Since the 1990s, the increasingly rapid discovery of extrasolar planets (planets orbiting other stars) has turned the traditional division of planets into rocky or terrestrial planets (like Earth and Mars) and Jovian planets or gas giants (like Jupiter and Saturn) from a handy shorthand for our own solar system into what seems to be an accurate classification of all known planets. Essentially, the difference between terrestrial and Jovian planets is that terrestrial planets are small and mostly made of rock, while Jovian planets are extremely large and mostly made up of gas.
A terrestrial planet is defined as one made up mostly of rock. In general, such planets consist of an iron core, sometimes molten, surrounded by a layer (or mantle, in geological terms) composed of silicates. They also possess atmospheres, but, unlike the gas giants, they have manufactured these geologically, through the gases spewed out by erupting volcanoes; and/or through the effects of massive impacts by asteroids and comets. In theory, such planets could also be carbon-based rather than silicon-based, depending on which elements dominated the solar nebula from which they emerged; however, no such planets have yet been found.
Terrestrial planets probably tend to be relatively small, because of the amount of mass they must contain as well as problems encountered with gravity by much larger objects; to the extent that they also orbit closer in to the Sun, these make them the most likely candidates in the search for extraterrestrial life. Whereas gas giants lack solid surfaces and probably possess gravity much too strong for recognizable life to emerge, terrestrial planets receiving the right amount of heat from their star could theoretically support life.
Within our solar system, the four inner planets - Mercury, Venus, Earth, and Mars - are all terrestrial planets. That all four should be in the same category indicates what variety can exist: Mercury really resembles our Moon more than Earth, while Venus is far hotter and Mars can get far colder than Earth. Some of the dwarf planets, like Ceres (in the Asteroid Belt), are also terrestrial, but the outer ones, like Pluto and Eris, and probably somewhat different, made up mostly of ice rather than rock.
Because all of our current methods for locating planets around other stars are biased towards heavy planets (simply because they're large, heavy, and therefore easy to find), we have had some difficulty finding terrestrial planets. Several roughly Earth-sized rocky planets have been found around pulsars, where they can be spotted when they occasionally block the pulsar's extremely strong, lighthouse-like radio signals. There is a growing list of so-called "super-Earths," whose mass is believed to be substantially higher than Earth's but substantially lower than our solar system's gas giants. Whether these are terrestrial or Jovian planets, we are not yet entirely sure. However, several, like Corot-7b and Gliese 581e, are only twice the size of Earth, and are almost certainly rocky in nature. NASA's Kepler Space Telescope is charged with finding Earth-sized planets around other stars.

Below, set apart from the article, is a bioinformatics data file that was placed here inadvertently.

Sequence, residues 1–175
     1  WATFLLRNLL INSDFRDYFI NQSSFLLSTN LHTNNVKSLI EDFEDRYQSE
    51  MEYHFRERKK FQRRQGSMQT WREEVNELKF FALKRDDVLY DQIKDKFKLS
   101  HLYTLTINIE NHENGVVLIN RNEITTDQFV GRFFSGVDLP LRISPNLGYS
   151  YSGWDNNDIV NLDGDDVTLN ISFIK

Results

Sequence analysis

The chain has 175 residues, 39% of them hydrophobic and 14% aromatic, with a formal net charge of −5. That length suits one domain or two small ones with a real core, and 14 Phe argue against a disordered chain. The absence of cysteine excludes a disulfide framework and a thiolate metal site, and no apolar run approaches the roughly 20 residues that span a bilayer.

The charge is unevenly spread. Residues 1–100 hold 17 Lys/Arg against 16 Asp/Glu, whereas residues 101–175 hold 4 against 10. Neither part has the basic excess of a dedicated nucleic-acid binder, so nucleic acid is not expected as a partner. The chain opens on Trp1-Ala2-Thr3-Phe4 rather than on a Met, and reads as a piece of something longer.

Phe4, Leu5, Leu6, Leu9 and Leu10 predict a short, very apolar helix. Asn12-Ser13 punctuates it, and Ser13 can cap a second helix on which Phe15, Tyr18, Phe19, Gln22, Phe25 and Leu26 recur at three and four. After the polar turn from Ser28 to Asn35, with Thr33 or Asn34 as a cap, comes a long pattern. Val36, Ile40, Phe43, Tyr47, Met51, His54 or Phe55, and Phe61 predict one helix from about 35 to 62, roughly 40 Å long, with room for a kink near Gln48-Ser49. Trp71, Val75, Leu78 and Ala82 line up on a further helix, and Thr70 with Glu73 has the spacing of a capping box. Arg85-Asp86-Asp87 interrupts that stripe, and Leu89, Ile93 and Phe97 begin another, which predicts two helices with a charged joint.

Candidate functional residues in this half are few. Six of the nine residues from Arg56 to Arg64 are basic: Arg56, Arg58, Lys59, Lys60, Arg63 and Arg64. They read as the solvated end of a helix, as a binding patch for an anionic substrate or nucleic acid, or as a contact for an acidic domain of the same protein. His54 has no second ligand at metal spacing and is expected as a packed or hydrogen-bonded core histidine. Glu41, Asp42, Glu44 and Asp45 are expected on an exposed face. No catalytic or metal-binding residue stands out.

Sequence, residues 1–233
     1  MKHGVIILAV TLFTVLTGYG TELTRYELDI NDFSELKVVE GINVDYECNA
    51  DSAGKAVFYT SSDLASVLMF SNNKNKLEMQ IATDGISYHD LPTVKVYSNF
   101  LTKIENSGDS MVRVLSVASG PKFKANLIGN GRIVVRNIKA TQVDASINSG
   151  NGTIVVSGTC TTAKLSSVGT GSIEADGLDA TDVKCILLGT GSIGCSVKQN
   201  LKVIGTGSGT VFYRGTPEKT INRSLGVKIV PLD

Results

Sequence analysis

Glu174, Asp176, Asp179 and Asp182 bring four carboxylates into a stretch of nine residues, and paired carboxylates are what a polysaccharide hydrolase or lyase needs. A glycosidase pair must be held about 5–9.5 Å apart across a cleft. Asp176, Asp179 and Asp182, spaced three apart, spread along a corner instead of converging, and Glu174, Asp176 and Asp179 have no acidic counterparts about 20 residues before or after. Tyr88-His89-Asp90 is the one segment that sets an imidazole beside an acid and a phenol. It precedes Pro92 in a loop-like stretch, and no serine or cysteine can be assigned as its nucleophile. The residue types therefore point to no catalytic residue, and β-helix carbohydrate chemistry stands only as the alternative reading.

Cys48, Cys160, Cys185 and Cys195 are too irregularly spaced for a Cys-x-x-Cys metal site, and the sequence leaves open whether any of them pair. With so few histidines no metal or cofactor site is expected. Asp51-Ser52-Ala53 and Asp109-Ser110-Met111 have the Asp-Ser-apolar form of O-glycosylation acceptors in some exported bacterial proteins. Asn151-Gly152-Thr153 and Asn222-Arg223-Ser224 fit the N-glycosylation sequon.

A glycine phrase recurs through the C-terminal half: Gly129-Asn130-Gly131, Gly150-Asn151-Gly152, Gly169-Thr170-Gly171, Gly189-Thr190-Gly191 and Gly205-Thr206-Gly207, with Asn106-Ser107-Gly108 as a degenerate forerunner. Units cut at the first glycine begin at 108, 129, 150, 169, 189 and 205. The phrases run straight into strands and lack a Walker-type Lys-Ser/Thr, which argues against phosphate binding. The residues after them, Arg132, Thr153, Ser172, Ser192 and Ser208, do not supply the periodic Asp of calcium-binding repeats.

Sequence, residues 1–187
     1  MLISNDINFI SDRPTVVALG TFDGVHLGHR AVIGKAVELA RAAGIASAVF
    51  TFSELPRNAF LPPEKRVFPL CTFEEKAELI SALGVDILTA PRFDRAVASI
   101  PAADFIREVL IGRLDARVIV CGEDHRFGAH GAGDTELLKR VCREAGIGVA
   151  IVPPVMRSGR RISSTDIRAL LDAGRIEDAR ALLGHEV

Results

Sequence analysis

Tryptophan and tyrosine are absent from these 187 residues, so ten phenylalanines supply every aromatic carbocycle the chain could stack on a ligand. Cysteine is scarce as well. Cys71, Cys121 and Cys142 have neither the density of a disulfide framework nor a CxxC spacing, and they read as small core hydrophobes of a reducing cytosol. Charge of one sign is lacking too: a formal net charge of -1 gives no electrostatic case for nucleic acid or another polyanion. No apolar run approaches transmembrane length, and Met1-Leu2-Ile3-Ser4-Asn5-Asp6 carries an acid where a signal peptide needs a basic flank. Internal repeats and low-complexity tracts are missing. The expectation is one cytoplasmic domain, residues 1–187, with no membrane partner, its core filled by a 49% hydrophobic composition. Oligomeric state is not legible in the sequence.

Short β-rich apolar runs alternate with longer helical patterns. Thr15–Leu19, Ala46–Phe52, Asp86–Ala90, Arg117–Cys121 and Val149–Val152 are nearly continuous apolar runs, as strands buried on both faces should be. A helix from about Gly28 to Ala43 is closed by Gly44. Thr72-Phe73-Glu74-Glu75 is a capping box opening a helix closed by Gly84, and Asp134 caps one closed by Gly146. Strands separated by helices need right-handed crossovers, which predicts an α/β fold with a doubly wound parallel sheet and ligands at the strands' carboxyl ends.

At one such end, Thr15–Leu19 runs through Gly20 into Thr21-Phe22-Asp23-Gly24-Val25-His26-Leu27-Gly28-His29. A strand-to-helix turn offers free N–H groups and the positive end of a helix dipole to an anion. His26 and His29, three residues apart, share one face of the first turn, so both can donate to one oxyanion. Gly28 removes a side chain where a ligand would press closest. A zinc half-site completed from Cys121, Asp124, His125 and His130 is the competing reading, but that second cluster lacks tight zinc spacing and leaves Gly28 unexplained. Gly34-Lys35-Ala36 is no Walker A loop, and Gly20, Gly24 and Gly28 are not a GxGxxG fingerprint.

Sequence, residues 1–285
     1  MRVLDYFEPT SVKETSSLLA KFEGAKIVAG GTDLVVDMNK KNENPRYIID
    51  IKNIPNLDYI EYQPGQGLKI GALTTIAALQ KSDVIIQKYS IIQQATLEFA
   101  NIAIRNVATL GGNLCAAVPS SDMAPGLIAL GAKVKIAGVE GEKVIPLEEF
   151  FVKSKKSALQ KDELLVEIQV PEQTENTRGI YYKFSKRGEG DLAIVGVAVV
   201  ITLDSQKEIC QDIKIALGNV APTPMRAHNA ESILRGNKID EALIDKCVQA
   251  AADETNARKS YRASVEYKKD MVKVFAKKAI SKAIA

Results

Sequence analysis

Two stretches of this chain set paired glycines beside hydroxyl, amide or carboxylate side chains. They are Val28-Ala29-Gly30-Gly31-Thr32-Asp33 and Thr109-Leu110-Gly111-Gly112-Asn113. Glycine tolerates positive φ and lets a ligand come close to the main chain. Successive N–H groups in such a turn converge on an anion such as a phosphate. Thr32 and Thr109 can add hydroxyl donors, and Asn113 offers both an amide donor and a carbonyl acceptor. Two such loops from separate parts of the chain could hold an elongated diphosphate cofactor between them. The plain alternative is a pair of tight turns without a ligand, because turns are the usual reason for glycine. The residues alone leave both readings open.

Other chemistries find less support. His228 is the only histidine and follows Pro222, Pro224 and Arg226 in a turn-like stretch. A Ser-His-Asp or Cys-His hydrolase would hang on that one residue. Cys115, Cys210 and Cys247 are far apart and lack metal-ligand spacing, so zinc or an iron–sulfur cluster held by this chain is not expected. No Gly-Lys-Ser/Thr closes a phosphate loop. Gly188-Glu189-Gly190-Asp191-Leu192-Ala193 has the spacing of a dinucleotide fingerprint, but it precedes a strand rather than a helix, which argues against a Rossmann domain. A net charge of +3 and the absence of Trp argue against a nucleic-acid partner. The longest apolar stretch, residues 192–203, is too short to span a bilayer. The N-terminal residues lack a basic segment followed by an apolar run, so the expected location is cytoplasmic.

JOVIAN PLANETS (GAS GIANTS)
Unlike the terrestrial planets, Jovian planets consist mostly (although probably not entirely) of gas rather than rock. They also tend to be extremely large; in the solar system, the lightest gas giant is 14 times the mass of the heaviest terrestrial planet, Earth. Virtually all of this mass consists of an enormous, multilayered atmosphere of hydrogen, helium, and, less commonly, ammonia, methane, and water. Although many popular sources claim they are entirely made up of gas, this is not entirely accurate: Jovian planets have a solid rocky core which is probably roughly the size of a terrestrial planet, surrounded by an enormous atmosphere of gas collected during planetary formation from the clouds of hydrogen and helium floating through the primordial solar nebula. There is probably no precise boundary between surface and atmosphere, but rather increasingly light layers of ices or liquids.
Gas giants are not believed to be good candidates to support life, because they probably lack well-defined surfaces with the necessary elements to support life. Moreover, because of their size, their extremely heavy gravity would be detrimental to life. (Although it is not inconceivable that some form of life could emerge which was specifically adapted to living in high-gravity environments.)
In our solar system, the four outermost true planets are Jovian planets: Jupiter, Saturn, Uranus, and Neptune. The first two of these consist almost entirely of hydrogen and helium, whereas the latter two contain larger proportions of the second set of gas giant chemicals (water, ammonia, and methane), which, at their great distances from the Sun, have probably frozen into ice.
Current techniques for finding planets around other stars require them to be large (so that their gravity causes a noticeable "wobble" in the star's own rotation, or a noticeable effect on starlight given a sufficiently powerful telescope). For this reason, the vast majority of planets discovered around other stars since the early 1990s are very massive, and thought to be gas giants.
Moreover, our techniques are also biased in favour of planets close to their stars (since these have even more pronounced effects), so the majority of such planets actually fit into a new category alien to our own solar system: the so-called "Hot Jupiters." Hot Jupiters are similar to our own gas giants, except that they orbit very close to their star, where the rocky planets can be found in our system. It's unlikely gas giants could form so close to their star; more likely, they would have migrated inwards from more distant orbits. Known "hot Jupiters" include Bellerophon (officially, 51 Pegasi b) and HAT-P-7b.